The worst deal on Prime Day ever: $2,630.52 for a used paperback

Thomas Trutschel / Techhnews

Amazon became a powerhouse by selling cheap books. Lately, it’s also become home to third-party sellers looking to make as much as $2,630.52 from a used paperback. 

The e-commerce platform has recently featured listings for books costing anywhere from $600 to $3,204, according to The New York Times.   

Anthony Bourdain’s Kitchen Confidential was reportedly priced at $607, which is 100 times more expensive than other listings on Amazon. Fahrenheit 451, The Very Hungry Caterpillar and 1984 were also up for sale at $600, while titles like William T. Vollmann: A Critical Companion was priced at $3,204, according to the Times. That’s more than 32 times higher than the typical price. 

Deborah Macgillivray, author of romance novels such as One Snowy Knight, noticed her book was being listed at prices as high as $2,630.52 (with free shipping, of course). On the other hand, some copies were reportedly being sold on Amazon for just 99 cents.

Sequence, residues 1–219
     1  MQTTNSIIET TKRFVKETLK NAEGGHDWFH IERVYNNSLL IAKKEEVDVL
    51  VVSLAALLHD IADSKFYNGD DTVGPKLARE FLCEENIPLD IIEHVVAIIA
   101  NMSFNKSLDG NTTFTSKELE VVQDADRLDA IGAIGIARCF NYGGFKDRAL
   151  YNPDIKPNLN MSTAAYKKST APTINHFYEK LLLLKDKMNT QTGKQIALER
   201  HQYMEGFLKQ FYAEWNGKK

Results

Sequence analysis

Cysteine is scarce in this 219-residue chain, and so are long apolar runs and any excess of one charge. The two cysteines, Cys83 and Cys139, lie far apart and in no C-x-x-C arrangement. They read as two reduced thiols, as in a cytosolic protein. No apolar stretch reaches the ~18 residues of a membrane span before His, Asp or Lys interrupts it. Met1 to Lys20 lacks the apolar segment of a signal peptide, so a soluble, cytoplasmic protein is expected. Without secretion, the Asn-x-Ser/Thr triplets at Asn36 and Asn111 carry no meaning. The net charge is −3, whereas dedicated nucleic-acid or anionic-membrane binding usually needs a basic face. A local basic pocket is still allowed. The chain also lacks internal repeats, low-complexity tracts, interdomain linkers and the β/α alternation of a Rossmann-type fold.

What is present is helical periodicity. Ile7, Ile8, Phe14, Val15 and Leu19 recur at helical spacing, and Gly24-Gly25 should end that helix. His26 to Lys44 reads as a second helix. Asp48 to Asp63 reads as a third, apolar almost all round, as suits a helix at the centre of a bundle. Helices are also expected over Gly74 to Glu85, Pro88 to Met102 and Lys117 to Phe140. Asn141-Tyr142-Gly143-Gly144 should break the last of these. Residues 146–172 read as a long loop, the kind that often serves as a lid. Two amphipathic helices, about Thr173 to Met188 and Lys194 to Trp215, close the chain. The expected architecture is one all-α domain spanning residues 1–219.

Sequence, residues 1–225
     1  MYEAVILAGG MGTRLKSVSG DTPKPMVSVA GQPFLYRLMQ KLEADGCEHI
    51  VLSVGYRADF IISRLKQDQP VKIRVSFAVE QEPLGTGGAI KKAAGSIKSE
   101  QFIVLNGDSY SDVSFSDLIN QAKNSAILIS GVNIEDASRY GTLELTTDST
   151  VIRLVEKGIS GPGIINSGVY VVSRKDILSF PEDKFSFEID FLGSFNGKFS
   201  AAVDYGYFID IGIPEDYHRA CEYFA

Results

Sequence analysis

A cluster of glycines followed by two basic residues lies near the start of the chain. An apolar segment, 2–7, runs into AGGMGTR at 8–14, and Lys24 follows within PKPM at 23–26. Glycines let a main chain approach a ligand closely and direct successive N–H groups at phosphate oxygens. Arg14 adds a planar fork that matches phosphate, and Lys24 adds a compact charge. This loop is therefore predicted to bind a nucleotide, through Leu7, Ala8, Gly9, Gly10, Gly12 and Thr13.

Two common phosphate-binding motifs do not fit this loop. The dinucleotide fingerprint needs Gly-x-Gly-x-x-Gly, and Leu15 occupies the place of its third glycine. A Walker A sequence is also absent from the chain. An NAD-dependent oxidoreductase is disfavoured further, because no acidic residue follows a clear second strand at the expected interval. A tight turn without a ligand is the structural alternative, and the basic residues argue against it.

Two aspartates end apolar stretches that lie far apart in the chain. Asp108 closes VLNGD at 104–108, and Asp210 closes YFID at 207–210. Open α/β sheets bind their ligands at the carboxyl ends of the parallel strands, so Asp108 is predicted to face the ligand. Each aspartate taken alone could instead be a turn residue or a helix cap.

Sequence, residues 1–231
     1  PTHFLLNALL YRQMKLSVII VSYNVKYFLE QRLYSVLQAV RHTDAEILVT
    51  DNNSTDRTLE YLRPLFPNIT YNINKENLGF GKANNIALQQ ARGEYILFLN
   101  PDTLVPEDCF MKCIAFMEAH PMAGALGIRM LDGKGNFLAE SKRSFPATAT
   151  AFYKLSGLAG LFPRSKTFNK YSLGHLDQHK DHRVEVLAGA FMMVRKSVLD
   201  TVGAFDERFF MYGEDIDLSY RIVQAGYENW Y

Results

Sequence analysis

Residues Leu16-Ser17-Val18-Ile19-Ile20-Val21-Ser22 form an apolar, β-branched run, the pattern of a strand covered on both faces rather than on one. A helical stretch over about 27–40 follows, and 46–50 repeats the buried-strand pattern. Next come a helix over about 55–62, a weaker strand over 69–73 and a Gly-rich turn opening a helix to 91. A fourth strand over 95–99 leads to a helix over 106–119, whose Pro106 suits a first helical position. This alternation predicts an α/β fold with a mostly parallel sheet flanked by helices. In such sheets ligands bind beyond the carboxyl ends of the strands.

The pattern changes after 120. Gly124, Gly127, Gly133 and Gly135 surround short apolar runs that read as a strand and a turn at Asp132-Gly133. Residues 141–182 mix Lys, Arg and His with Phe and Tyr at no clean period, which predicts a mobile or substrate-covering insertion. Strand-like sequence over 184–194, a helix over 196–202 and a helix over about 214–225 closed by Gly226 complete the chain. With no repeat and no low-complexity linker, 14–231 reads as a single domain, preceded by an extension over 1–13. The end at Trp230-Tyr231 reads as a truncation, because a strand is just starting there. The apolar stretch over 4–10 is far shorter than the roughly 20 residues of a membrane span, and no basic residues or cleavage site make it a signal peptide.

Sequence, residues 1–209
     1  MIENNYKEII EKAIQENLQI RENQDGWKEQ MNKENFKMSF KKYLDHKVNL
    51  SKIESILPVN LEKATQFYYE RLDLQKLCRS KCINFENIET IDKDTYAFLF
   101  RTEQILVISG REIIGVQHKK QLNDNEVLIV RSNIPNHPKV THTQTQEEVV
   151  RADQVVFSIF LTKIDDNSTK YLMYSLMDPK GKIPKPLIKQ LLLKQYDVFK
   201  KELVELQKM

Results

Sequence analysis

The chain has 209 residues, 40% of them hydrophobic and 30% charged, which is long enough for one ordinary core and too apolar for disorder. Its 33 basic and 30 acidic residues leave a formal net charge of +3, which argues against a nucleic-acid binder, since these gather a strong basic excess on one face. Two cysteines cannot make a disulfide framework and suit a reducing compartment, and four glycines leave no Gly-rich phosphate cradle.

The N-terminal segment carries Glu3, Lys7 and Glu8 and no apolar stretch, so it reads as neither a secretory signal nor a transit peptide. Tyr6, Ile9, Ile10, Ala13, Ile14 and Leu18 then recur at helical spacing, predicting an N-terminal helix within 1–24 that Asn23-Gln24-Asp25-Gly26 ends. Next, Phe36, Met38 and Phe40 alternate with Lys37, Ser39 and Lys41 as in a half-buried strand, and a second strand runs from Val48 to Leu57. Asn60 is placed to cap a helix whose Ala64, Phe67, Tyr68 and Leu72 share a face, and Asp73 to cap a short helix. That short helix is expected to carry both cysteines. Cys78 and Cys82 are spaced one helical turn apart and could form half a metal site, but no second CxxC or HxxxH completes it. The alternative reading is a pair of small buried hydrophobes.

“There’s nothing illegal about someone listing an item for sale at whatever the market will bear, even if they don’t have the book but plan to buy it when someone orders it,” Macgillivray told the Times. “At the same time, I would think Amazon wouldn’t want their platform used for less than honorable practices.”

An Amazon representative told Techhnews the company has “pricing policies that help ensure customers find the lowest prices in the Amazon store, and we actively monitor and remove offers that violate those policies.”

Amazon is reportedly the largest seller of new and used books in the world. It directly sells some of those books, and others are sold by third parties. Those third parties are the ones hiking up prices, according to the Times. 

The e-commerce giant on Monday kicked off Prime Day, a 36-hour sale featuring more than 1 million deals. But there’s reportedly a plethora of products being priced way higher than normal. 

“Amazon is driving us insane with its willingness to allow third-party vendors to sell authors’ books with zero oversight,” Vida Engstrand, director of communications for Kensington, the publisher of One Snowy Knight, told The New York Times. “It’s maddening and just plain wrong.”

Amazon told the Times that listings for books like William T. Vollmann: A Critical Companion were “in error, and have since been removed.”

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